Managed Care 101 in 2010 (Part XIV): How to Manage the Care of People, One After Another

July 30, 2009
Jeff Kaplan

People are living longer and the population is aging; as a consequence, we are seeing more need for chronic disease management, but at the same time, there is a decline in the availability of primary care physicians.

People are living longer and the population is aging; as a consequence, we are seeing more need for chronic disease management, but at the same time, there is a decline in the availability of primary care physicians (ie, lower physician-to-population ratios). Nevertheless, primary care is responsible for equitable distributions of health, if not actual improvements in health status and clinical conditions. Beyond improved social-economic and environmental conditions as a result of public health measures and social policies, primary care is an important ingredient for achieving equity in access, clinical effectiveness, if not actual efficacy, and cost-benefit.

On the other hand, new trainees apparently don't relish chronic disease management; they seem to want to work less for more money and they balk at the administrative headaches caused by the bureaucratization of healthcare. Even for health care professionals who deal with younger populations, we are seeing more waste and duplication caused by CYA medicine and physician-induced demand, ie, unnecessary tests, visits and procedures. And, beyond the extraordinary expense of care in the United States, we don't seem to reap the benefits (See "Why Not the Best?" [PDF, page 8 of 8] where it says: "[Evidence] in the National Scorecard on U.S. Health System Performance, 2008, shows that care typically falls far short of what is achievable."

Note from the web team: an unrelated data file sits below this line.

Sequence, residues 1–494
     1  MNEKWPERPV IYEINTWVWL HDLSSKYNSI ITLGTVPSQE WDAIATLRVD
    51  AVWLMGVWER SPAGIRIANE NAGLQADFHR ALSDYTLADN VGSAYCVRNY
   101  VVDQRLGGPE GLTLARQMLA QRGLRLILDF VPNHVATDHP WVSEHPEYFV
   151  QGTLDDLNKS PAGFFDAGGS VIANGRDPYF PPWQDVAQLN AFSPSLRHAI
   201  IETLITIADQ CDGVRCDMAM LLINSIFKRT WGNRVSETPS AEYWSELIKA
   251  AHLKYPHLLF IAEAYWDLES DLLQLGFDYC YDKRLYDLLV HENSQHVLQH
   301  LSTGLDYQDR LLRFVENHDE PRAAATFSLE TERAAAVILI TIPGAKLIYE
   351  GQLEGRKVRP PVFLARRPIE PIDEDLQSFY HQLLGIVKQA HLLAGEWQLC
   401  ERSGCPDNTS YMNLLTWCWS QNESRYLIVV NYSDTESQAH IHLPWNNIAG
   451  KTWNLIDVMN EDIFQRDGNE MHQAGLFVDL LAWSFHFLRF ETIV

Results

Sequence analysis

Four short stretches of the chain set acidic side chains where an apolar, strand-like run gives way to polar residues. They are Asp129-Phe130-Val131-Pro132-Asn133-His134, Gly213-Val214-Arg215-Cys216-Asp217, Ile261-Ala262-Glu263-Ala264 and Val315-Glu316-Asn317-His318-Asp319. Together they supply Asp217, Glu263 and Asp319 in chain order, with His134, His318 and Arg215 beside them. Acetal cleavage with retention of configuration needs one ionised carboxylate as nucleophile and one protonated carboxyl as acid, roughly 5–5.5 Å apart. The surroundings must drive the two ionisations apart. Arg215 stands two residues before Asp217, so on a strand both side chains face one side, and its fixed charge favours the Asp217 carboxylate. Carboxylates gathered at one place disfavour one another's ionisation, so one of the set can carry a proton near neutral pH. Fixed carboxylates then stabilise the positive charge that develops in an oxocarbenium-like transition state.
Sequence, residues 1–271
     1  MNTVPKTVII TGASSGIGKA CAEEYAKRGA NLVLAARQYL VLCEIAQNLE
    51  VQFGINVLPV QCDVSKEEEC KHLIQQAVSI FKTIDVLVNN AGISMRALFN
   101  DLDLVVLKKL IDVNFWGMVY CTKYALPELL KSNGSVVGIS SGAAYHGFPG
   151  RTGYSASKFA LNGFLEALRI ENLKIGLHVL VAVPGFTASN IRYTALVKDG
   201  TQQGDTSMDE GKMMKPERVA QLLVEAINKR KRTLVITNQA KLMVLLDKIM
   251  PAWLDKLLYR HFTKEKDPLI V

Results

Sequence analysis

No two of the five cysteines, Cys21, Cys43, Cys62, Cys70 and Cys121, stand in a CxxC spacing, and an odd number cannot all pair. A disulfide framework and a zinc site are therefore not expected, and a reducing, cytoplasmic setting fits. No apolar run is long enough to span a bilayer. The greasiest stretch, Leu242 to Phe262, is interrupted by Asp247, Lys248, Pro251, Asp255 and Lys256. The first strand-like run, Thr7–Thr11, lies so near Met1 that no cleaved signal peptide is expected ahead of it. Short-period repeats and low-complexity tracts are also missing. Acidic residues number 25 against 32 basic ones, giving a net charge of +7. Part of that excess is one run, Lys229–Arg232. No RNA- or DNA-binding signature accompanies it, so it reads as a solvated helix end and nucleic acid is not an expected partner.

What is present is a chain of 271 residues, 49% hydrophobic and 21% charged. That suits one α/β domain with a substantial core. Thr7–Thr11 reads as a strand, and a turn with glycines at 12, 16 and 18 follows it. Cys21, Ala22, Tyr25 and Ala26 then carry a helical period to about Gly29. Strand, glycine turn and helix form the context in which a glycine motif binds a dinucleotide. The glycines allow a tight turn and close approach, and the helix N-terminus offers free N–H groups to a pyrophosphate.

What is wrong with this picture and what can be done about it?

First a given—to improve health care, we must have data—what happens to patients, where, and when—a longitudinal view, preferably packaged as an 'episode of care.'

Second, that database must contain certain non-traditional items such as socio-demographics, past medical history, family history, adverse lifestyle choices, accessibility problems, information about compliance, how well the treatment worked, the case-mix (acuity), home assessments, barriers to good nutrition, activities of daily living, exercise and other items in the bio-psycho-social realm, to name a few.

Third, given the above, data must be translated into information that is telling about outcomes like patient satisfaction, recidivism, cost benefit, cost-effectiveness, cost-minimization, and cost-utility.

Fourth, we need to use said information and pay better when the care is better; pay minimally when the care, under control is less than optimal or deviates from an agreed-upon standard without good cause. Also, we should reward suboptimal care or care that, without good cause, deviates from an agreed-upon standard*, especially, but not only when it causes harm.

* Specialty societies should be setting these standards and they should be current.

Although referring specifically to geriatric care, the following statement is worth reiterating; it is paraphrased from Jane E. Brody's "New Model of Care is Needed, Experts Say" (December 29th, 2008, NY Times).

"The system needs to be restructured to meet the needs of people... and this can't be done with out addressing [their] social needs. If we fail to do this, we will be facing a bankrupt [health care] system."

Readers: Do you agree with Ms. Brody?